Ms. Diana Holt, J.D.
BA English '92
Attorney Diana Holt first came into the public eye in 1993 when she got involved with the death-row case of Edward Lee Elmore, an intellectually disabled black man with no previous felony record. She spent more than a decade fighting on his behalf until he was released March 2, 2012, setting a new precedent for fairness in the judicial system. This story is now a book, Anatomy of Injustice, written by Pulitzer Prize winner Raymond Bonner.
Diana Holt worked as an attorney at the Center for Capital Litigation in South Carolina, a nonprofit representing prisoners on death row. Having overcome great hardships in her own life, her reputation as someone who will work to save the lives of those wrongly condemned is legend.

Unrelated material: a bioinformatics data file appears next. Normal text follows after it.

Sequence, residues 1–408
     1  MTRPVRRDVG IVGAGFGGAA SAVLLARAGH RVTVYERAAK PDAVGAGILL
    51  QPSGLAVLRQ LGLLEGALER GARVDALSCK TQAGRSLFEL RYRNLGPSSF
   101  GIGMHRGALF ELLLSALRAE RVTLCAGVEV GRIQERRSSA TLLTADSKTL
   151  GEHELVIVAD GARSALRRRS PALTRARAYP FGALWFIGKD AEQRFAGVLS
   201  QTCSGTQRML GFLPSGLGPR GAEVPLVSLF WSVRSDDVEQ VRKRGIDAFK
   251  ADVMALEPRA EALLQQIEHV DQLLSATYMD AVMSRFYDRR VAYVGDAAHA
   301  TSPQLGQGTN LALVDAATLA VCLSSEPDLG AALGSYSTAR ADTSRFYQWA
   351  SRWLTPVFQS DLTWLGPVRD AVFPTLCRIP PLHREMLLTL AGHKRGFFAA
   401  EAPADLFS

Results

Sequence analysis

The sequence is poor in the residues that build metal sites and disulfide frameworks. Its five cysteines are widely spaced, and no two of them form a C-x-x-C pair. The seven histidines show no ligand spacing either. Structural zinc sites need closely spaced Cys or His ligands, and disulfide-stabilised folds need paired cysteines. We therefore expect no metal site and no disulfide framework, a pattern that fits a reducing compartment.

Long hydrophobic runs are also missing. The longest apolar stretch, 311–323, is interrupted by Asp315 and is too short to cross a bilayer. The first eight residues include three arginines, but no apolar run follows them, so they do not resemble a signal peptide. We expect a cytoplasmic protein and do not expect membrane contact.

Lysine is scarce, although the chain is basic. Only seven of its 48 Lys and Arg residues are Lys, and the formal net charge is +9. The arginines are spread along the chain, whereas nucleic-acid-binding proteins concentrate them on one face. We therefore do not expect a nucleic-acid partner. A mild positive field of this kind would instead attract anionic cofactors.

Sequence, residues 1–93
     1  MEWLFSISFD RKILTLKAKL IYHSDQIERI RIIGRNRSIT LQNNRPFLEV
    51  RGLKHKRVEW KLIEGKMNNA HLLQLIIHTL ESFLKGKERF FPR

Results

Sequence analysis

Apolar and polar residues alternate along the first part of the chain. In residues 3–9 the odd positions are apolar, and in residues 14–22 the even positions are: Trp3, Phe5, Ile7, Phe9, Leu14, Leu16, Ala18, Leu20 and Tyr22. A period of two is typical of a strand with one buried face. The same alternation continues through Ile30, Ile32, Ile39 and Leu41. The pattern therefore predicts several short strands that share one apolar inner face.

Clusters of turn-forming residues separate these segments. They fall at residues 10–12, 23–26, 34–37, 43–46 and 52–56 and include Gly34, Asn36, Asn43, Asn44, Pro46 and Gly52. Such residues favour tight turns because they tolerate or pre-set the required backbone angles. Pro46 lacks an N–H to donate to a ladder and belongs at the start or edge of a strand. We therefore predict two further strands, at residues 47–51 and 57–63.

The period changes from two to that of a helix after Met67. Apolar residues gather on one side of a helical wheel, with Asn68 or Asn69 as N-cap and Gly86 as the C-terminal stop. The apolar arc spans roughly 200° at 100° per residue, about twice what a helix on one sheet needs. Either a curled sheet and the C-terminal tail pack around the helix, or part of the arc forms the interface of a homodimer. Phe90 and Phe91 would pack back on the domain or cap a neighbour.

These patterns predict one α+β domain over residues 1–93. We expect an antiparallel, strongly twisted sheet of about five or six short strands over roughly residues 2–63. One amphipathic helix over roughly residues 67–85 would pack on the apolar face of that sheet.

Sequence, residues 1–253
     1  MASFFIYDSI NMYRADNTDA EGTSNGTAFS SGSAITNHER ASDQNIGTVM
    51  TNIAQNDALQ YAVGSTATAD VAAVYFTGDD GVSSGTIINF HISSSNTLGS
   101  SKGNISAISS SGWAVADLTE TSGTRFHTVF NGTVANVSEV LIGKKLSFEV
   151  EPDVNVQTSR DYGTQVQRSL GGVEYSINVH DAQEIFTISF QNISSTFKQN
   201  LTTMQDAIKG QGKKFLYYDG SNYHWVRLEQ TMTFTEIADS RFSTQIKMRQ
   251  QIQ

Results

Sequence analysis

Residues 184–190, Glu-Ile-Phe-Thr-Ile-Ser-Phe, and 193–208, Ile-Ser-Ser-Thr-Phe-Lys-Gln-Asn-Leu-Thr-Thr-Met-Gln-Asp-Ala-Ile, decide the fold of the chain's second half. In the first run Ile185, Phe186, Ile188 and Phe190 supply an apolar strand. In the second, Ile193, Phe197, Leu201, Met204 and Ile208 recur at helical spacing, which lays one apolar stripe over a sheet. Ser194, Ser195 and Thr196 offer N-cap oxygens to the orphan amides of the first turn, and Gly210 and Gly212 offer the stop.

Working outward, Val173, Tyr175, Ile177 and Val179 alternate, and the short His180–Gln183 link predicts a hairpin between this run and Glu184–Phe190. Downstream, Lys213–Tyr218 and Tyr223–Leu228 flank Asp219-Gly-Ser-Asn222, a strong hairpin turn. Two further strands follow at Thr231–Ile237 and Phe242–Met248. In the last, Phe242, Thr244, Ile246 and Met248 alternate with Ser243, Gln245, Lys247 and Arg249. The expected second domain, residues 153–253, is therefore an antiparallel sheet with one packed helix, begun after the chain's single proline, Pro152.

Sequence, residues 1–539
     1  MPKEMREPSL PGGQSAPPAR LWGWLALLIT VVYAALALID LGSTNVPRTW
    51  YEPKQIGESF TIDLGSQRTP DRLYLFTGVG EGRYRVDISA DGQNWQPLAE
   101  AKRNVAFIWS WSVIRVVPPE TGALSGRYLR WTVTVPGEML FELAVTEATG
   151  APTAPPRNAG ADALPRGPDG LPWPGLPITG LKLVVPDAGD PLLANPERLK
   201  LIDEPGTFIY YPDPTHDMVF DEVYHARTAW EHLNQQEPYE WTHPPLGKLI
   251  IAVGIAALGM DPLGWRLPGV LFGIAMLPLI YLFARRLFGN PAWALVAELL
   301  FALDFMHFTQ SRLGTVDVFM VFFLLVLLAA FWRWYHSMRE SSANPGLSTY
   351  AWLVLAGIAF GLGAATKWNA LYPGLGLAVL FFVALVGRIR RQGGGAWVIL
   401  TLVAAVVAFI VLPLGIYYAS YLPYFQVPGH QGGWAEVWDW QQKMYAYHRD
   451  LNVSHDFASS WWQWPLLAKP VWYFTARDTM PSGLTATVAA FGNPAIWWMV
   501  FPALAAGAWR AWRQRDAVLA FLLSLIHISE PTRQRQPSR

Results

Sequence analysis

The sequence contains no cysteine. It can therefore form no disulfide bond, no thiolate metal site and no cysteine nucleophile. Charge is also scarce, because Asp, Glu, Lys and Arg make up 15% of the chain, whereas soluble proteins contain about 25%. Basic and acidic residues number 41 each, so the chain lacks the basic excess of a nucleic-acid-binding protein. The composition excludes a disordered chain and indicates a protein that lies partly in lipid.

Holt was born in El Paso, Texas and had a difficult and abusive childhood. She, after many twists, was married to a man who would not be charged with trying to kill her because, according to local police, there was not enough evidence. This was a turning point for her and she decided to become a lawyer. She started community college in 1986, transferring to Texas State University where she twice received the Mary Louise Hightower Scholarship and completed her education with a 4.0 GPA, graduating Summa Cum Laude, December 1992. She was admitted to UT Law School in 1991.
Holt and the Elmore case were recently featured in The Atlantic magazine. Newsweek Magazine named her as “150 Fearless Women of the Year 2012.”
You can view Ms. Holt's honoree video here.